Scott Morrison and state and territory leaders are set to discuss vaccination thresholds to eliminate lockdowns and border restrictions.
The prime minister will chair a virtual national cabinet meeting from Canberra on Friday.
Mr Morrison has spent weeks arguing there is no magic number of vaccinations that will trigger Australia reopening its international borders and ending domestic restrictions.
But with millions of people forced into lockdown again, he now concedes it is time to set clear expectations around what percentage of the population needs to be vaccinated.
"It's time to start laying it out for the Australian public," Mr Morrison told The Australian.
"It is imperative the premiers, chief ministers and I address that question. It comes down to the medical science and what are the magic numbers."
The prime minister said modelling had already been done on the Alpha variant and was almost complete on the more contagious Delta variant.
"Australians have been patient and that has helped us achieve what we have achieved to protect lives and livelihoods," he said.
"We now need to get to the next level. The package the public deserves needs a consolidated agreement from all of us."
More than 12 million people remain in lockdown across Australia as states scramble to contain outbreaks.
Queensland, Victoria and Western Australia are calling for drastic cuts to international arrivals while they bring the virus under control.
Labor premiers want the returned traveller cap reduced by up to 80 per cent.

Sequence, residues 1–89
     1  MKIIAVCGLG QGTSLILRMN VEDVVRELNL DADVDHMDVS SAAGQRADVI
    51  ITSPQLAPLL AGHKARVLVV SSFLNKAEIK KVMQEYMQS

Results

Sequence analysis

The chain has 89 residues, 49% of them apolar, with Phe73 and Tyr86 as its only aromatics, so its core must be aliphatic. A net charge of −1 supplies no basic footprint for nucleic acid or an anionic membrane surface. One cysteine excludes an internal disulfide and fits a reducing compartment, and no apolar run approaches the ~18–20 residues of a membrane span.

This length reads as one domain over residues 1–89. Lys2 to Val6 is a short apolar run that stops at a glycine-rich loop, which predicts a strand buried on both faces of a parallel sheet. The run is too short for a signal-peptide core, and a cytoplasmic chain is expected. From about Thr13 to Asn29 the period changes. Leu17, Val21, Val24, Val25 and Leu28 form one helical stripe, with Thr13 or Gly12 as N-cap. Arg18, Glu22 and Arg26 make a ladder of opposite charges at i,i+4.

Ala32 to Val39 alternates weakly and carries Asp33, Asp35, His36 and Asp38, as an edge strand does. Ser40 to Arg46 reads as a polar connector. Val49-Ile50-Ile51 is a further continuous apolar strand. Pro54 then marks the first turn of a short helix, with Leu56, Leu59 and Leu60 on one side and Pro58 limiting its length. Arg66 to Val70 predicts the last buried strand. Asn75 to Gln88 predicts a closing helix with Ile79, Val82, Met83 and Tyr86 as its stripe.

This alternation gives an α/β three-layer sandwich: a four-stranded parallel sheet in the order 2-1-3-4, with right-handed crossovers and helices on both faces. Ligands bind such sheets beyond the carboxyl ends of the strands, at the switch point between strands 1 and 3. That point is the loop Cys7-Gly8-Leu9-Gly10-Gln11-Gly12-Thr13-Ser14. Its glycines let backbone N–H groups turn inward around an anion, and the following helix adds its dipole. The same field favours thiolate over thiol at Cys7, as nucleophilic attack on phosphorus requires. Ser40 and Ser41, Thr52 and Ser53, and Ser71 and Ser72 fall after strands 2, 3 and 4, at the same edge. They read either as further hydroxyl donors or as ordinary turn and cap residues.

The federal government has left the door open to further tightening the international border.
The fiery national cabinet meeting will also focus on the bungled national vaccine rollout and mixed messaging around the AstraZeneca jab.
Mr Morrison triggered a week of competing claims about vaccine advice after highlighting a path for younger people to receive AstraZeneca after consulting with their GP.
After days of confusion and conflicting statements, Australia's expert immunisation panel reiterated its advice that Pfizer was preferred for all people aged under 60.
Their advice is based on the vanishingly small risk of rare blood clots associated with the AstraZeneca jab.
Thursday was a record day for vaccinations with more than 160,000 people receiving jabs nationwide.
Almost eight per cent of Australian adults are now fully vaccinated, but the nation lags far behind all other comparable countries.
Australian Associated Press
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